Clinton Administration Issues Proposed Penalties for Alleged Labor and Employment Law Violation...

September 09, 1999

Earlier this month, the Clinton administration issued a controversial new proposal which could deny federal contracts to employers who have violated or even just allegedly violated labor and employment laws.  The proposal also would prohibit the reimbursement of contractors’ legal expenses when they lose in a civil proceeding brought by the federal government and of contractors’ costs incurred for activities designed to influence employees with respect to unionization (either for or against unionization).

This long-anticipated proposal amends the Federal Acquisition Regulation (“FAR”)–the rule that governs all government contracting procedures.  Currently, federal contracts may be awarded only to companies that have a record of “integrity and business ethics.”  The proposed amendment aims to more clearly indicate what would constitute a record of “integrity and business ethics.”  Examples provided in the proposal of what constitutes an unsatisfactory work record include the “prospective contractor’s lack of compliance with tax laws, or substantial noncompliance with labor laws, employment laws, environmental laws, antitrust laws or consumer protection laws.”

While contracting officers, who make award determinations, should normally rely on final adjudications of charges related to violations of laws or regulations, the proposal allows adverse “pre-award responsibility determinations” to be based on “persuasive evidence of substantial noncompliance with a law or regulation.”  Such evidence may be based upon an unfair labor practice charge or an EEOC charge that has not been fully adjudicated.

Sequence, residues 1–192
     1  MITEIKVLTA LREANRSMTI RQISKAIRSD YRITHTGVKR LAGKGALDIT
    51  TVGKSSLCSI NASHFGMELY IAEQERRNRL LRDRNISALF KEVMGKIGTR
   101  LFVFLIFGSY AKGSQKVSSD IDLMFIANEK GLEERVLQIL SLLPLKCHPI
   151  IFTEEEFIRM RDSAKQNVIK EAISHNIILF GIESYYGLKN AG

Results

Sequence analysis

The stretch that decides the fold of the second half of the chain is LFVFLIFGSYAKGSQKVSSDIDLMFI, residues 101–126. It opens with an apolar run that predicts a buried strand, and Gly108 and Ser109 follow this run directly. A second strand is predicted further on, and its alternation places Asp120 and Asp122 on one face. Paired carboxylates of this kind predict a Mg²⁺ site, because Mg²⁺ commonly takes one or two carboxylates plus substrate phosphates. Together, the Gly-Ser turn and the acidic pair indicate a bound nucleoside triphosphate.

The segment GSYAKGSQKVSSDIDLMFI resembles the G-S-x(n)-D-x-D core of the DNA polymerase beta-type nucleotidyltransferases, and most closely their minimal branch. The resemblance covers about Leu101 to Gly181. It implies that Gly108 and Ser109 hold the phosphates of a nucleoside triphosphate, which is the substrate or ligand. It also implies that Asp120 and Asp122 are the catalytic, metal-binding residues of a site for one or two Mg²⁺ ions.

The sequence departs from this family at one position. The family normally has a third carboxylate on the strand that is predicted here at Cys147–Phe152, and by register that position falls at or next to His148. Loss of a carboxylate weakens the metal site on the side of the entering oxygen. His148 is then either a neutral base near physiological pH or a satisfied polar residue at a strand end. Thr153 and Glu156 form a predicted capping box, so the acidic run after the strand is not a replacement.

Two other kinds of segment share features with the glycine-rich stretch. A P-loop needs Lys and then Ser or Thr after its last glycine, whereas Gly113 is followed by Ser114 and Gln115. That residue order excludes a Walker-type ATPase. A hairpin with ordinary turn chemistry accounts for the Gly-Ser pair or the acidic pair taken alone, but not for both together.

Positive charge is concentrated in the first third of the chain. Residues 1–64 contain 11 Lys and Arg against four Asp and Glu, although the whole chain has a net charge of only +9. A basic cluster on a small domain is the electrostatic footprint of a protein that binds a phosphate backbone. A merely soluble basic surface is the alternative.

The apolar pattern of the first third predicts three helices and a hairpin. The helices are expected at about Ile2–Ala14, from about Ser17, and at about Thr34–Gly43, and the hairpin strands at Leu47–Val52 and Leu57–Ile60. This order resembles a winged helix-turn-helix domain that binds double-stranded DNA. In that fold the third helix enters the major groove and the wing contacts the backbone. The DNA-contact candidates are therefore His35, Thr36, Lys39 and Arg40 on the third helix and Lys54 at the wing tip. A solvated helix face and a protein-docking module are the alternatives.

To put it simply, mere allegations of violations of the labor laws, especially if carefully orchestrated by disgruntled employees, unions, or others, could place contractors in jeopardy.  It is feared that the proposal could be used in corporate campaigns, union organizing drives, litigation settlement negotiations, and collective bargaining to manipulate employers or force them to capitulate to unreasonable, costly demands.  It is also feared that the proposal would result in blacklisting if an employer is found to have–or even be suspected of having–“unsatisfactory” labor relations and employment policies and practices.

These proposed changes were first announced by Vice President Gore at the AFL-CIO Executive Council meeting in February 1997, a fact which has many in the business community muttering “political payback.”  If you would like to see this proposal tabled, it is not too late to act.  The 120-day comment period will end in mid-November.  Send your written comments to the attention of Laurie Duarte at : General Services Administration, FAR Secretariat (MVR), 1800 F. Street NW, Room 4035, Washington DC 20405.  You can also add your voice to the National Alliance Against Blacklisting, an organization formed by the U.S. Chambers of Commerce.  Additional information on the issue and on-line registration is available at their website, www.noblacklisting.org.  Also, if you are a current or prospective federal contractor and would like to receive relevant legal updates by Email, send your Email address to mrossa@haynesboone.com and you will be added to our Federal Contractor Email Group.

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